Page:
Many of us do not remember this case, but it was the case that was pivotal in the decision of voters to pass an initiative for medicinal marijuana. I must preface this story by stating that Ralph Seeley was a friend of mine. I met him in the summer 1987 when were were employees of The Tacoma News Tribune. I was a work study student in the marketing and communications department, he was a columnist. We did not hit it off immediately as friends. He had written a controversial article and I had signed a petition in protest of one of his many controversial articles. Seeley came down to the marketing department to meet me in person. I was the only employee in that department to sign the petition. Others expressed concern about backlash and crossed their names off the petition.
Shortly after my brief stint in a field I did not feel suited for, I went to work for Associated Ministries in Tacoma and alongside Mary Plante, an AM employee. We headed up a student group addressing racism and sexism issues in the Tacoma School District. Seeley wrote a very nice article for our group. We met again as employees of an aviation newspaper at which time he had found out he had chordoma, a rare cancer that begins at the base of the spinal cord. He was often in a tremendous amout of pain. One evening he contacted me at home and asked me if I would accompany him to the emergency room at the UW in Seattle where he received treatment. Always thinking of others, Seeley insisted we stop at the UW bookstore and purchase a novel for me to read in the ER waiting room. Ralph was a champion of causes. He was fired from The Tacoma News Tribune but went on to finish a law degree at The University of Puget Sound School of Law. He finished despite losing one lung in the process. He was applauded by his mainly working class classmates who also had day jobs and went to school at night.
In the Superior Court of Pierce County, Seeley was granted a summary judgment by Rosanne Buckner and the state directly appealed. The decision of the Supreme Court case was written by Judge Madsen who held that 1) privileges and immunites clause of the Washington Constitution does not provide greater protection than the Fourteenth Amendment of the Federal Constitution in the area of drug classification, and thus independent equal protection analysis based on the constitutional provision was not required; 2) statute was appropriately analyzed under rational basis test; 3) plaintiff failed to show that legislature's decision regarding the classification of the drug was arbitrary and obsolete; 4) the Washington Constitution does not create a right to use marijuana for medical treatment free from lawful exercise of government police power. In short, Seeley was not able to legally use marijuana. So he continued to use it illegally, as do most terminally ill patients who opt not to take controlled FDA approved substances.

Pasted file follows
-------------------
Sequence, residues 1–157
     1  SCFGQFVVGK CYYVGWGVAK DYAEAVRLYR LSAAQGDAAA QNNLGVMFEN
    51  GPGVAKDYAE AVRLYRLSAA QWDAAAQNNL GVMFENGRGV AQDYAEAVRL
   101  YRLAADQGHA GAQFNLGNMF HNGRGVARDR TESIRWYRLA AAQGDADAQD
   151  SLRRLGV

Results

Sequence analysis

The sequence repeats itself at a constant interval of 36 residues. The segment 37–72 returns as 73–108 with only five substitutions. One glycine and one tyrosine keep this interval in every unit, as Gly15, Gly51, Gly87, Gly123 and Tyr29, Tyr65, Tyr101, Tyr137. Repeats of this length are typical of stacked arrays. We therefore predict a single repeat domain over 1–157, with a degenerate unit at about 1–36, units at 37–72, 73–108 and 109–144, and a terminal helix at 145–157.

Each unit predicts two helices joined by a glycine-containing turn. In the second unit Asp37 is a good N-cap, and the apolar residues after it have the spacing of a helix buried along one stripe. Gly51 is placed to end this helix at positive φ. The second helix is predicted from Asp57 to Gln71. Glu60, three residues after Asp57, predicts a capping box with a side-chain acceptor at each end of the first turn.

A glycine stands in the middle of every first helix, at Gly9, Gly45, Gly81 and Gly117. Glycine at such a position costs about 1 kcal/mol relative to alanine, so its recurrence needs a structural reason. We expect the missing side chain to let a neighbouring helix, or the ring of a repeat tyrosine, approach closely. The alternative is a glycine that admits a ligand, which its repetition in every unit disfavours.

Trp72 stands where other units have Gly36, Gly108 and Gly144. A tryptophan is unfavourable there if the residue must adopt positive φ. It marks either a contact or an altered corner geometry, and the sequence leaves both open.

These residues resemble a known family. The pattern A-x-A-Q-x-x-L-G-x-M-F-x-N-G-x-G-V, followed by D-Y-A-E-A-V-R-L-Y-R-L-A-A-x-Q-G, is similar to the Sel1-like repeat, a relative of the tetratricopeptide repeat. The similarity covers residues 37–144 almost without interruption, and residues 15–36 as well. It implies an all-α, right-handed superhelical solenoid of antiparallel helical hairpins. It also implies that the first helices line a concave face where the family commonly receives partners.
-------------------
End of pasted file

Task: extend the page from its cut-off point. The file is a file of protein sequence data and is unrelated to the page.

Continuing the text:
Judge Sanders issued a dissenting opion on this case. In February of 1998, Seeley passed away at one of his infamous dinner parties at his house. He died before voters approved the initiative granting one the right to use medicinal marijuana. He died the same month I was diagnosed with multiple sclerosis. I treated my pain at that time with one does of drip steroids. I have since not needed any painkillers. Last night at city council chambers activists and I testified about the reported SWAT team raids that took place in our city last week. One citizen reported that the door to her house was smashed, handles torn off her cabinets, and medicine scattered. I have not read any police reports. I have little to say about this except that federal laws trump state laws. Police Chief Ramsdell spoke to me in city hall and said the federal laws will be upheld in our city. The three TPD officers with him in the hallway concurred.
I had a vision of my friend Ralph on his wedding day at the now defunct bar Kelley's downtown on Tacoma Avenue. He was eating a brownie while shaking hands with his guests. Ralph was really happy that day. He was going to beat his cancer. The doctors had given him one year to live, he had lived twelve years. He had won the largest civil rights claim in history in an unrelated case, a decision that would be reversed after his death. I can still recall the evening we flew over this city in his twin prop plane. It was the day before the FAA yanked his license to fly because of his health problems. Point Defiance Park looks really dark at night from the air. But there was a lot of light coming from our city. There still is. -Alison Whiteman